Category — Green Energy
With Thanksgiving less than two weeks away, it’s time to start planning for green Holiday celebrations. To get things kicked off, I’ve scoured the web in search of environmentally-friendly holiday frills. Here are a two ideas for getting started.
Do you send Holiday greeting cards? Here’s an eco-friendly option for you…and one that kindly reminds the recipient to celebrate green this year. The card above is made from 100% recycled paper, 50% of which is post-consumer content. These recycled greeting cards are available at Cards Direct. [Read more →]
November 14, 2008 No Comments
Are you using a wood burning stove or fireplace to keep warm this winter? Here’s a great way to conserve energy by converting your household waste into recycled heating fuel. The Logmaker is a plastic gizmo for making tightly rolled, compressed logs out of burnable lawn waste, or even junk mail.
Using the Logmaker begins with creating an outer shell made from newspaper. Then you can fill the outer shell with any burnable household waste, and tightly compress it with the Logmaker’s plunger. Finish by tucking in the edges, and your log is complete. It’s the tightly compressed, and rolled composition of the homemade logs that allows them to burn much longer than the same materials would if burned loosely.
This would also be handy for using with outdoor fire pots, chimineas, and camping gear.
The Logmaker is made in the U.K., and it is available in a recycled plastic model. For complete instructions, and more info, visit the Logmaker website.
November 12, 2008 No Comments
If you’ve read much about green living, you’ve probably heard about the environmental dangers of batteries. Household batteries contain mercury, zinc, cadmium, maganese, and other components which are harmful to both your health, and our earth. Over time batteries left in landfills break down, and leech these substances into our water and soil.
If you want to reduce your household’s need for batteries, you should check out some of the wind-up gadgets now on the market.
Universal Remote Controls: This universal remote control will run for 7 days on just 30 revolutions of winding. It will also control up to 6 of your home electronics. The wind-up remote control is available at Nigel’s Eco Store. [Read more →]
November 8, 2008 No Comments
With Thanksgiving preparation, and whirlwind of cooking plans underway, you may be wondering how to reduce energy use in the kitchen. Here are a few green living tips for saving energy while preparing your Thanksgiving dinner….or any dinner!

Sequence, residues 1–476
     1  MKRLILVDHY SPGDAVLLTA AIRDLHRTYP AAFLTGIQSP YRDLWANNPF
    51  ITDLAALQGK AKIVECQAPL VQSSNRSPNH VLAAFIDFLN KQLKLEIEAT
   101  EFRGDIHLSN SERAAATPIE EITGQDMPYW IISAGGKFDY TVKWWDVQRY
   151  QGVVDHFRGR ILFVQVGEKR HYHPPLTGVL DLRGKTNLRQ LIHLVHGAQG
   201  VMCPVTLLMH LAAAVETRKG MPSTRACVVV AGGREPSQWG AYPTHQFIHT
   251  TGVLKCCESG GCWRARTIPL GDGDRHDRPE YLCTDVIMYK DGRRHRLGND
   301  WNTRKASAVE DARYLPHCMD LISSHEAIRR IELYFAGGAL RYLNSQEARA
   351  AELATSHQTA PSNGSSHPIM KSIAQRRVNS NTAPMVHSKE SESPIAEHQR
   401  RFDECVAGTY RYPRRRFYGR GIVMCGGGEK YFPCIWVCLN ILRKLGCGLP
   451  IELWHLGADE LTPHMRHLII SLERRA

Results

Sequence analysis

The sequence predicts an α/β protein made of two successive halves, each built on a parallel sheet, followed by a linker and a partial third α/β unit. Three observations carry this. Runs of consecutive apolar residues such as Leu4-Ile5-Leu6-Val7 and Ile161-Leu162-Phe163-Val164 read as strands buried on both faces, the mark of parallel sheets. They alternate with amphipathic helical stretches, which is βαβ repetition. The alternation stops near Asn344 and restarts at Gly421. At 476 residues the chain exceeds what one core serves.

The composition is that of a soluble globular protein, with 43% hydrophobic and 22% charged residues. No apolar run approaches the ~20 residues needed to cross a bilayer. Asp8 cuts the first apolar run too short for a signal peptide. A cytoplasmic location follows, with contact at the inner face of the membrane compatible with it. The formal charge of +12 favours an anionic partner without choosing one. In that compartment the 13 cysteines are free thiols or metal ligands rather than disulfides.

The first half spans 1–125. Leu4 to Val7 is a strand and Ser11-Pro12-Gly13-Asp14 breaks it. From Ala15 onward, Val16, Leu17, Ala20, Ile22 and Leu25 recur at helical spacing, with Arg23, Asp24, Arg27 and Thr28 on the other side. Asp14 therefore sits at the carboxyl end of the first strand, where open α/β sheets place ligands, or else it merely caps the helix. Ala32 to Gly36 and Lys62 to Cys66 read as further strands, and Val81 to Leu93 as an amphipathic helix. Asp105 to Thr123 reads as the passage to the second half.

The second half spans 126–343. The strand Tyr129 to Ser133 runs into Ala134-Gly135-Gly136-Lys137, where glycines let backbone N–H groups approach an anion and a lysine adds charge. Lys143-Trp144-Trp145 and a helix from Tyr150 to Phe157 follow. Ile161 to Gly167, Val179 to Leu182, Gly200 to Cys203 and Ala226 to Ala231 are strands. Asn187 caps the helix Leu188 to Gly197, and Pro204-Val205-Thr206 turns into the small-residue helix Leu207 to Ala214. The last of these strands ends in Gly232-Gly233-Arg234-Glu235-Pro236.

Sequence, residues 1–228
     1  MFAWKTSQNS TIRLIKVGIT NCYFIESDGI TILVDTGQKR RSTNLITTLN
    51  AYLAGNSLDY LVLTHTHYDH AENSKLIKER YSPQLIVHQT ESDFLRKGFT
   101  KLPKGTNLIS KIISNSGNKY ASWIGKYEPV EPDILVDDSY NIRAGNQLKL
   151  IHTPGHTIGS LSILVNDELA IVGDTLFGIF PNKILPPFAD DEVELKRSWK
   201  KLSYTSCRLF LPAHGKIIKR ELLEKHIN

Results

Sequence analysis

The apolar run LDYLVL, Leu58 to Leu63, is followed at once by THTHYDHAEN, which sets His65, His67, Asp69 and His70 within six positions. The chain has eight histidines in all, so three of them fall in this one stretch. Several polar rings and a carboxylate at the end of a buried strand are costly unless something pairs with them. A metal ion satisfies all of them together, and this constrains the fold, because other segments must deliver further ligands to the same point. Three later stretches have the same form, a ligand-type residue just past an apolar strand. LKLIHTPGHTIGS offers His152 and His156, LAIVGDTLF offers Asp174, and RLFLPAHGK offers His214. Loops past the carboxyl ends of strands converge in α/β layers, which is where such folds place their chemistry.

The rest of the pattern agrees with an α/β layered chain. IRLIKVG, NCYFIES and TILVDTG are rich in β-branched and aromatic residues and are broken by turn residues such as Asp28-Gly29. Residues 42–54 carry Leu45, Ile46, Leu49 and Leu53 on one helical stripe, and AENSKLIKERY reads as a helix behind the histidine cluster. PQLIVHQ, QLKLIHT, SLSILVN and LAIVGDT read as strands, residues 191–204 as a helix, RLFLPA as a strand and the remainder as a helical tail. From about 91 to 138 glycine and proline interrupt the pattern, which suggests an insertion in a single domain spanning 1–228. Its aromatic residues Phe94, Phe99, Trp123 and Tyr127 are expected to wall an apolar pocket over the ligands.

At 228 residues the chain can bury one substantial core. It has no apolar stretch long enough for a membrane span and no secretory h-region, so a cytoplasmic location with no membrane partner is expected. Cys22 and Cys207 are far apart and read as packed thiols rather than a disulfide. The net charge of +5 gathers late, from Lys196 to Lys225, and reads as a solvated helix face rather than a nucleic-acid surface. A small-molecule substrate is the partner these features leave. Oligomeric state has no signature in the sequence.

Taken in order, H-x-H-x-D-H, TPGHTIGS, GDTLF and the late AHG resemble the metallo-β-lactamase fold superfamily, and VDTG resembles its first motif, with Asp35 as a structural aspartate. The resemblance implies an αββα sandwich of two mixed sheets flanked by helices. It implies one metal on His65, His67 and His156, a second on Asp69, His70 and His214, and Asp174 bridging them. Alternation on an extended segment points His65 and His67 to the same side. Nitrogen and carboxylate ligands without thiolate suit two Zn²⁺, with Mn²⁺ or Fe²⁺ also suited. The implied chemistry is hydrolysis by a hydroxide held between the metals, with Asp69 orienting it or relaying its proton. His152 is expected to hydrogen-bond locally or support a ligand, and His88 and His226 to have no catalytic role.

Scrub, Baby Scrub: A blackened cooktop on your kitchen stove absorbs heat, and causes you to consume more energy, but a shiny stove top efficiently reflects energy into the cooking pan. Now’s the time to clean your cooktop, and get ready for the Holidays.
Join the Hoods: Range hoods can help you quickly whisk away the extra heat in your kitchen, before you’re prompted to turn on the air conditioner!
Ugh…Clean the Oven: The last thing you wanted to hear, right? Just like a dirty stove top, a grimy oven steals energy, and can cause foods to cook unevenly. Ahem…just do it. [Read more →]
November 6, 2008 2 Comments
If you’ve been using CFL bulbs in your ceiling lights and table lamps for awhile, you’ve may have actually had a few burn out by now, or even had one break. While they’re great for saving energy, these environmentally-friendly light bulbs do contain small amounts of mercury, so it is important to recycle them or clean up breaks properly.
Recycling CFL Bulbs
Some stores, including Home Depot and Ikea will take back your used CFL bulbs for free, and then recycle them. Light Bulb Recycling offers a paid by-mail service that will send you a recycling kit for CFL bulbs. Also, Earth 911 offers a free recycling search engine that will direct you to CFL recycling resources in your area.
How to Clean Up a Broken CFL Bulb
So, let’s just suppose you’re up on a step stool changing a light bulb in your ceiling fan, and before you know it, you drop a CFL bulb and it shatters on the floor. What should you do? Here are some steps for safe CFL disposal from the EPA:
- Air out the room by opening windows and doors. Turn off your furnace or air conditioner if they are running, and have everyone leave the room for 15 minutes.
- Using stiff cardboard, carefully scoop up any broken glass.
- Use duct tape to pick up any remaining glass shards or powder.
- Avoid using a vacuum cleaner or broom if at all possible. If use of a vacuum cleaner is unavoidable, dispose of the vacuum bag or clean out the canister immediately after cleaning the break area.
- Use a sealed glass jar, or a plastic zipper bag to contain all broken components.
Visit the EPA for complete information on cleaning up a broken CFL light bulb. Don’t be discouraged by the small amount of mercury in CFL bulbs. The environmental benefits of CFL light bulbs far outweigh any mercury risk.
October 28, 2008 No Comments